4. The appellant in Civil Appeal No. 256 of 1958 was a taluqdar owning several taluqdari villages situate in Dholka Taluka in Ahmedabad District. The facts in this appeal also are similar to those in the other two except in regard to the fact that in this case the Government ascertained and declared the jama payable by the appellant to be Rs. 21,877 as against the settlement amount of Rs. 44,551.
5. Writ Petition No. 66 of 1957 filed by the appellant in C.A. No. 254 of 1958 relates to the demand of enhanced revenue in respect of his Sanad estate. The fates in this petition are similar to those in the appeals except that the Government ascertained and declared the jama payable by him at Rs. 20,886 as against the settlement amount of Rs. 48,247-13-0. The Writ Petition relates to the demand made for the year 1956-57.
6. Writ Petition No. 18 of 1957 was filed by Thakur Vikramsinhji Manharsinhji of Gumph Estate, Ahmedabad District, Bombay State, who was a taluqdar of Gumph Estate in Ahmedabad District comprising of seven taluqdar villages. The facts in this petition also are similar to those in the appeals. In this case the jama ascertained and declared was Rs. 16,499-4-0 whereas the assessment was fixed at Rs. 30,223-12-0. This Writ Petition also relates to the demand made for the year 1955-56.
7. The appellants in the appeals and the petitioners in the Writ Petitions aforesaid will be, for the sake of convenience, described hereafter as the appellants.
8. Mr. A. V. Viswanatha Sastri, the learned Counsel for the appellants, contends that the jama ascertained and declared to be due from the appellants for a period of thirty years was fixed at the revenue settlement, that by reason of section 117R of the Bombay Land Revenue Code, 1879 (hereinafter referred to as the Code), they were liable to pay only the said assessment till there was re-settlement and that therefore the respondents have no right to make a demand for an amount higher than that declared to be due from them in 1925-26. The learned Solicitor General counters this argument by contending that under the Taluqdars' Act, there was an essential distinction between revenue settlement and the ascertainment and declaration of the jama; that after the Abolition Act, the amount of jama was payable only till the expiry of the thirty year period and that thereafter the appellants who head become mere occupants would be liable to pay the entire land revenue assessment already fixed in respect of those lands. The question is which of the two contentions should prevail having regard to the relevant provisions of the Taluqdars' Act, the Abolition Act and the Code.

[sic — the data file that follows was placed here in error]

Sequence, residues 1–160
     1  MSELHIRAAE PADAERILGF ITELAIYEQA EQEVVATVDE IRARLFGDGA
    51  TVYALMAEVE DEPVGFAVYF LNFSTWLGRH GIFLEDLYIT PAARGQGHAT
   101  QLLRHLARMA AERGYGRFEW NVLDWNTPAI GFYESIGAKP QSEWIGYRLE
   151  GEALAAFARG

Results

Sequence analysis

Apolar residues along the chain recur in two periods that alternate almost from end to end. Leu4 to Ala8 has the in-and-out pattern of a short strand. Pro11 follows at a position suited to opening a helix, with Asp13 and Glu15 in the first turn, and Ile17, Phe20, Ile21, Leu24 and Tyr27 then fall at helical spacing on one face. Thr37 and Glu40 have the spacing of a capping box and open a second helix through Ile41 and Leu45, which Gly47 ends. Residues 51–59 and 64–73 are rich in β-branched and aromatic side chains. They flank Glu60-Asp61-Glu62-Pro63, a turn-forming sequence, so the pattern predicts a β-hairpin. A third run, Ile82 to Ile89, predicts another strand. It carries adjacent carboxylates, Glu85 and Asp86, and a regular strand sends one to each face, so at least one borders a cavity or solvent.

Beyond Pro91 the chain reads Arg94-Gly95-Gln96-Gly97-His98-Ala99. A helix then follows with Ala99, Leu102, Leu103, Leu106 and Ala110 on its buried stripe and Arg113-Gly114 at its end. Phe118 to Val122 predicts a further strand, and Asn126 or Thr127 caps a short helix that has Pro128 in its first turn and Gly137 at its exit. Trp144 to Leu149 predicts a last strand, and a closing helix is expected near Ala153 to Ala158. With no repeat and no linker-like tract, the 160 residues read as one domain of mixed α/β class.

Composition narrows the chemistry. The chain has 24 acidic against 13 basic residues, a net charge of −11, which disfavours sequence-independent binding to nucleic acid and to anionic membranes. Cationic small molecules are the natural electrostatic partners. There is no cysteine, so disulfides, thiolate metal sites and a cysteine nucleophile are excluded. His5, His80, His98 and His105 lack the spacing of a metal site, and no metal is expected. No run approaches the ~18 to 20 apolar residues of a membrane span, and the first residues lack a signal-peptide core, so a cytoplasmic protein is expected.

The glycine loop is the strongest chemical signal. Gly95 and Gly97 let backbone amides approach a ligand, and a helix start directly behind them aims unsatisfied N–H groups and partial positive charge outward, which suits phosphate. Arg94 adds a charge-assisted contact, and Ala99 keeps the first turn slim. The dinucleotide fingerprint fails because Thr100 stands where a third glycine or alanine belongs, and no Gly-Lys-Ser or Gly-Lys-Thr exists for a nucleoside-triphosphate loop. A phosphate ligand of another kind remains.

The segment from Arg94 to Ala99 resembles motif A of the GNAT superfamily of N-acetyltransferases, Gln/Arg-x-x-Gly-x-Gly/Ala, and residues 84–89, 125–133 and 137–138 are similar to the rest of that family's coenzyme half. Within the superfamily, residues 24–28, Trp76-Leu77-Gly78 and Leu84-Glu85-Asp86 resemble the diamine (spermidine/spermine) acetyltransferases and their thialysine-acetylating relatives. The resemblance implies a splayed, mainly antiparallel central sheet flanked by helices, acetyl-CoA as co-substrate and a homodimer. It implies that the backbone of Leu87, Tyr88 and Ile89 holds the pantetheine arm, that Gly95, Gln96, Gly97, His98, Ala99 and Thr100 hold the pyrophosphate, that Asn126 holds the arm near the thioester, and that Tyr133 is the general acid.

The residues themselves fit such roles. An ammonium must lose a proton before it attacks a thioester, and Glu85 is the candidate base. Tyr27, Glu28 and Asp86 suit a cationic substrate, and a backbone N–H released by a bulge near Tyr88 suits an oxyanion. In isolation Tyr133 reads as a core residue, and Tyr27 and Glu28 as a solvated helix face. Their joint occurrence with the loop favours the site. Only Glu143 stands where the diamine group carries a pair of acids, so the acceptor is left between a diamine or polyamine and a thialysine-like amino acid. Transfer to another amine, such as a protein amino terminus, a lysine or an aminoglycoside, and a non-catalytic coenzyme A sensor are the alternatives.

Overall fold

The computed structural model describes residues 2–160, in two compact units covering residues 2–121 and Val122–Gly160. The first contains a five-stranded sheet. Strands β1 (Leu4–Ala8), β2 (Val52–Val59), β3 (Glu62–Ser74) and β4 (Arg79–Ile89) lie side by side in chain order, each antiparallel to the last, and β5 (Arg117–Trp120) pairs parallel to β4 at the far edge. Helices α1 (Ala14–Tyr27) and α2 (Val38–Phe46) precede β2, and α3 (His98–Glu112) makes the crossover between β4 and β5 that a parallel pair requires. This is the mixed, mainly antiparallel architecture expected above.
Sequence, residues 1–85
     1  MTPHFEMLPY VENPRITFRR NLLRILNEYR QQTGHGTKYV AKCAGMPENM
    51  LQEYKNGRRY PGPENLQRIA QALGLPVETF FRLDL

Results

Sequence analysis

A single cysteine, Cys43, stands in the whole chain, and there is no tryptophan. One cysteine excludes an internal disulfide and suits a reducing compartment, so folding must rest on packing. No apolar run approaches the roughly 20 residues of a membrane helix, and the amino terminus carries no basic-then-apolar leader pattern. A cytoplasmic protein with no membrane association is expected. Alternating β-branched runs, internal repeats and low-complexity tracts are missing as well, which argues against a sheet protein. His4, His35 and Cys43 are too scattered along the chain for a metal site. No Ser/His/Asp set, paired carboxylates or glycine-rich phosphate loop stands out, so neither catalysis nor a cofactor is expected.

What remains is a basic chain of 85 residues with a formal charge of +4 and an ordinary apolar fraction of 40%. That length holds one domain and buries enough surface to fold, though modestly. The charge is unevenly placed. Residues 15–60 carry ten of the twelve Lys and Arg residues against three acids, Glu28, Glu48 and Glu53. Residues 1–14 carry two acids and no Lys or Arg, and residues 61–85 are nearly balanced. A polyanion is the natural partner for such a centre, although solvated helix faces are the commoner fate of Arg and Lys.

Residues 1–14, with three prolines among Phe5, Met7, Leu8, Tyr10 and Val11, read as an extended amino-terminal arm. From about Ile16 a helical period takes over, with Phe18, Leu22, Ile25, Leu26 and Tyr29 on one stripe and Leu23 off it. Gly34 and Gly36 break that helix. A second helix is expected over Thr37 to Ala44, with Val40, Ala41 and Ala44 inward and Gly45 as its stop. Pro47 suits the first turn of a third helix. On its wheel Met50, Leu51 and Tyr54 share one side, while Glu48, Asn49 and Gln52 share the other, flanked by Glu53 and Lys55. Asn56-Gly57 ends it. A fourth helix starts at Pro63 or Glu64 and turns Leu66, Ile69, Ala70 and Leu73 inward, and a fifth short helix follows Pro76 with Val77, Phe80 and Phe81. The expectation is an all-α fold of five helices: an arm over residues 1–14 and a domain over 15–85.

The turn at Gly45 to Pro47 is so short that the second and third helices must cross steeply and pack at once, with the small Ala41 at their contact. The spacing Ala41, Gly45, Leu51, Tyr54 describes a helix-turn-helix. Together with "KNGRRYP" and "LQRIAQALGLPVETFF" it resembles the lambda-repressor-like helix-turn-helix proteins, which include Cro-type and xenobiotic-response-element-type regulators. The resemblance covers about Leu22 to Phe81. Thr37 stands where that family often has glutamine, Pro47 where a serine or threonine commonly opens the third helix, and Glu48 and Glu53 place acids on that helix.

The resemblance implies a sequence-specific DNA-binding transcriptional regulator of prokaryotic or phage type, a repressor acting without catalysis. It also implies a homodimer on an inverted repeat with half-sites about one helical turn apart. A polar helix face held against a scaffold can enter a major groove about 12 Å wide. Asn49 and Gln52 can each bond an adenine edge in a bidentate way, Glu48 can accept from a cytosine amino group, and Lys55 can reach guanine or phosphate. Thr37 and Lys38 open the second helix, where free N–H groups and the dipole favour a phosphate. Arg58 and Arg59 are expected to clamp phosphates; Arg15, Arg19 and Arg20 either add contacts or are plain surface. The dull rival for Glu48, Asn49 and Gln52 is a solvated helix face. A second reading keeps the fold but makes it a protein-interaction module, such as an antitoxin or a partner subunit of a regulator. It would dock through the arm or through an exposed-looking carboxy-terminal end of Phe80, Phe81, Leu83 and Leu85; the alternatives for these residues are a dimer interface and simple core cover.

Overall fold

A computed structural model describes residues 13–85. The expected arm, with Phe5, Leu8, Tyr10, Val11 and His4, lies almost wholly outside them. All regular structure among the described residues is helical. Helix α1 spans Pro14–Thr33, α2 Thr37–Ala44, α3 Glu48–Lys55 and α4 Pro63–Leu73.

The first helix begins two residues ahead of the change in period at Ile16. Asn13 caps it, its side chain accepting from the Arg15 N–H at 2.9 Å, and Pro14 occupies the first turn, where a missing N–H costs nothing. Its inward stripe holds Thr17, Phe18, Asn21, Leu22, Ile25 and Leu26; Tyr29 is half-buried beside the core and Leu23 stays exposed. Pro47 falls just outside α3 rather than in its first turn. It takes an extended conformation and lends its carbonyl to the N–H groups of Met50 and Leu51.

9. It will be convenient to read the relevant provisions from the two Acts.
GUJARAT TALUQDARS ACT, 1888 :
'2. (1) In this Act, unless there be something repugnant in the subject or context, - (a).......................................